8 Things to Leave Behind
There are plenty of things you should remember to bring when heading off on a boating adventure, but there are also a few things that you’d be better off leaving behind. Certain items can create safety issues on a boat, while other things can just be a plain mess to clean up. Whether it’s your own boat or someone else’s, consider leaving these things behind when heading out for a day on the waves.
- Shoes with marking soles
While shoes with dark soles are more likely to leave marks than those with light soles, you can test any pair of shoes to make sure they are non-marking and won’t leave scuff marks on the boat. Just draw a line with the heel of your shoe on a piece of plain white paper, and then check the paper to see if your sole left a mark. If you do not see a mark, you have non-marking soles. If you do see a mark, leave that pair behind.
- Spray sunscreen
Pack a bottle of sunscreen or jar of clear zinc oxide to protect your skin from the sun while on the boat, but leave the spray sunscreen behind. When used on a boat, spray sunscreen can leave a slippery film on your deck, making falls much more likely.
- Chocolate or other messy snacks
While certain snacks, like pretzel rods or grapes, are ideal for a day on the water, others aren’t. Be mindful of bringing snacks that won’t leave a mess behind. Two snacks you should leave behind are chocolate and cheese curls. Chocolate will melt in the heat, and cheese curls always seem to give you bright orange fingers that are bound to leave prints on boat upholstery.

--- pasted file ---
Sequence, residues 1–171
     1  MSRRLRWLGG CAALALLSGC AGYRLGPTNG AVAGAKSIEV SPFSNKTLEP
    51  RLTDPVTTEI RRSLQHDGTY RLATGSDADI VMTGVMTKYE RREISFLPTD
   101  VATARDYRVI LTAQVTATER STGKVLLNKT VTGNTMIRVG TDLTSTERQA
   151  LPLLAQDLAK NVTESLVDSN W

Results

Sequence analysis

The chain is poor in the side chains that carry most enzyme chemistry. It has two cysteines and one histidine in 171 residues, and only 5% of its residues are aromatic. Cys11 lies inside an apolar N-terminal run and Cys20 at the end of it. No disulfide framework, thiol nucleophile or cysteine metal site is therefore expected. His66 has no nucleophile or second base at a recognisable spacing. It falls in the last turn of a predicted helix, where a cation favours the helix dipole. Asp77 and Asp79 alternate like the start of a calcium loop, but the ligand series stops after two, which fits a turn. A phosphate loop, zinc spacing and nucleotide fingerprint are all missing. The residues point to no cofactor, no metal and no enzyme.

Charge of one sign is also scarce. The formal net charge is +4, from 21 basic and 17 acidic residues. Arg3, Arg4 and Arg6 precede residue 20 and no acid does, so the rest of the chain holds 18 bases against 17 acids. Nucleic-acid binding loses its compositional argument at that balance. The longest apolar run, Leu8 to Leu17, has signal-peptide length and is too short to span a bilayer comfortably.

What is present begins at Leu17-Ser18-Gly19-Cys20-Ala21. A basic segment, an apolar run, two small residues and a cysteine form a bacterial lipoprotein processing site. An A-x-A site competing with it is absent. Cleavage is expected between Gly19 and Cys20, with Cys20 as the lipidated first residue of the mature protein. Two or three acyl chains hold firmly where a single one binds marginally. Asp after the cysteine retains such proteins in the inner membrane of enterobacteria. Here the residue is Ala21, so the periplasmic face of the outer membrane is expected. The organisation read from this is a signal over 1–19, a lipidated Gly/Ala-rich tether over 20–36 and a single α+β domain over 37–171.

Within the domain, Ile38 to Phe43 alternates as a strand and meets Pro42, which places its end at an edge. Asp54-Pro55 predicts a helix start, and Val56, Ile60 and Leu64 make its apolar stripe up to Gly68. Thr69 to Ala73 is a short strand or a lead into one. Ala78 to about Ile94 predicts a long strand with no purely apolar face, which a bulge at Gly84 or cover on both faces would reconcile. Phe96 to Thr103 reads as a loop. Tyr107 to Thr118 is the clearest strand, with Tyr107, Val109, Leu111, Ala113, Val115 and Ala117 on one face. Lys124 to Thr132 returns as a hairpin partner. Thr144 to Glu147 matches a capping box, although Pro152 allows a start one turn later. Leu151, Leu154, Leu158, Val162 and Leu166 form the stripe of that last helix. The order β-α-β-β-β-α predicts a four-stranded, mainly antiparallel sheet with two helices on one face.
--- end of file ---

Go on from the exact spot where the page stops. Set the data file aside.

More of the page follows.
Refrain from lighting up on the boat, particularly if you are a guest. In certain situations, such as at the gas pump, cigarettes can cause a fire hazard. Not to mention that most boat owners don’t want to have to worry about someone burning a hole in the seats or throwing cigarette butts overboard. Leave the cigarettes at home.
- Unexpected guests
If you don’t own the boat and didn’t give the boat owner a heads up about bringing a friend, child, or dog, it’s best to leave any surprise guests behind. Since boats have certain capacity restrictions, you should be respectful of that and always ask permission before bringing along a guest on someone else’s boat.
Leave perfumes or scented body sprays behind, and keep in mind that it’s best not to apply them before going on a boat trip either. Perfume not only attracts bees and other pesky insects, but others who are along for the ride may not appreciate the scent in such close quarters.
- Glass bottles or containers of any kind
Don’t bring along any soda bottles or glass containers that could shatter and leave small pieces on the boat deck. Glass can create a safety hazard, so opt for aluminum cans or recyclable plastic containers instead, and make sure you dispose of trash in proper receptacles at the dock.
- Plastic grocery bags
These may seem like a good idea for transporting food and snacks at first, but once you empty out whatever you put into them, they are likely to fly off the boat as soon as a breeze kicks up. Help keep our waterways clean by leaving the plastic grocery bags at home, and use zippered lunch bags or cooler bags to carry food onboard instead.
Now that you have a list of things you should leave behind, don’t forget to think about the important things you need to have onboard. If you are a new boater, be sure to check with the U.S. Coast Guard to find out what safety equipment you are required to have onboard. Happy boating!